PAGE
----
HMA reported that plans participating in the original FIDA demonstration will receive Medicare rate increases retroactive to Jan. 1. The increases acknowledge a historical under-prediction of what it costs to manage care for dually eligible individuals. According to HMA, in Manhattan and the Bronx the Medicare rate will increase by about 5.7 percent while other areas will see an increase of up to 10.5 percent.
In response to the proposed Anthem-Cigna and Aetna-Humana mergers, UHCAN Ohio and other consumer groups submitted comments to the Director of the Ohio Department of Insurance, Lieutenant Governor Mary Taylor, requesting that she hold hearings on the mergers, which have the potential to reduce competition in Ohio’s health care market and impact consumer choice and health care quality.
The Rhode Island Executive Office of Health and Human Services (EOHHS) has released a Request for Proposals (RFP) for parties interested in running the Ombudsman Program for the state’s dual eligible demonstration project. Questions about the RFP should be submitted to EOHHS by Friday, Feb. 26, at 10:30 am, and proposals are due March 15, at 10:00 am.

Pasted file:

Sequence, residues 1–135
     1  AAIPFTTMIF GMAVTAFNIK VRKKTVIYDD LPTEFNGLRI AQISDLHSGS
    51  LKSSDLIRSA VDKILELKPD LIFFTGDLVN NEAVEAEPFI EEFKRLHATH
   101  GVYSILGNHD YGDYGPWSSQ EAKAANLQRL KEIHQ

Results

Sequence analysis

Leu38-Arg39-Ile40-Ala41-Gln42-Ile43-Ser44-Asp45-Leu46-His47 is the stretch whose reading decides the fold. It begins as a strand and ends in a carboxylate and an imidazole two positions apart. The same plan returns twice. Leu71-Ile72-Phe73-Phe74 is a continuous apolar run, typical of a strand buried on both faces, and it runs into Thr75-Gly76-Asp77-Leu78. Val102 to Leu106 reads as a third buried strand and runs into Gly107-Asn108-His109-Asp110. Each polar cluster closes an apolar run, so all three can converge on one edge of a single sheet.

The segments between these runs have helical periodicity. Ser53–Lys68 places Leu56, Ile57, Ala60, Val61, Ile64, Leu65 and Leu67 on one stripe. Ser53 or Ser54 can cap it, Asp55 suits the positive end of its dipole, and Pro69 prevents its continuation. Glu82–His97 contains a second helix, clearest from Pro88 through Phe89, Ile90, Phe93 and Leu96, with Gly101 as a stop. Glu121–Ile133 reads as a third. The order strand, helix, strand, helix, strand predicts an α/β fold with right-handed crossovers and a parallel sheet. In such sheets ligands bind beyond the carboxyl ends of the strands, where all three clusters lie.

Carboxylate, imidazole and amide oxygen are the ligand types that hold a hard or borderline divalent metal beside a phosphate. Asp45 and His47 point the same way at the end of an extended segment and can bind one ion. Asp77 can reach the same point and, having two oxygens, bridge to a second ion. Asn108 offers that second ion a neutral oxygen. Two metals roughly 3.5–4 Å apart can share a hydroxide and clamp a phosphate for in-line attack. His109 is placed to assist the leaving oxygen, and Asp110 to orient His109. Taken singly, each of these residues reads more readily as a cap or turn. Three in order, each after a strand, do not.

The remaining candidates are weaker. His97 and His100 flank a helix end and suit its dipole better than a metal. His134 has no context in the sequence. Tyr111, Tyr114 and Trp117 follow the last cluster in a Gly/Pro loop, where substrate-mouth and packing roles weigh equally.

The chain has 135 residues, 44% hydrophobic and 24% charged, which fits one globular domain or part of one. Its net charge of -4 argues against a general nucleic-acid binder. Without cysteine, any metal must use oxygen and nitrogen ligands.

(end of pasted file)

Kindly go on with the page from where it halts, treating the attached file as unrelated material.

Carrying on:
The Washington State Health Care Authority is hosting a series of webinars for care coordinators and allied staff participating in the state’s health home demonstration project. Topics include (1) coaching and engaging clients with mental health needs and (2) long-term services and supports. These webinars are part of a statewide health home care coordinator training program.
The state of Washington has developed a Frequently Asked Questions document about the Accountable Communities of Health (ACH) the state is implementing as part of its Innovation Plan, known as “Healthier Washington.” There are nine ACHs across Washington. Each is made up of a group of leaders from a variety of sectors in a given geographical area with a common interest in improving health. With support from the state, they are voluntarily organizing to coordinate activities, jointly implement health-related projects and advise state agencies on how to best address health needs within their area. Advocates in Washington are working with the ACHs and the state to insure a robust consumer voice in the new structures.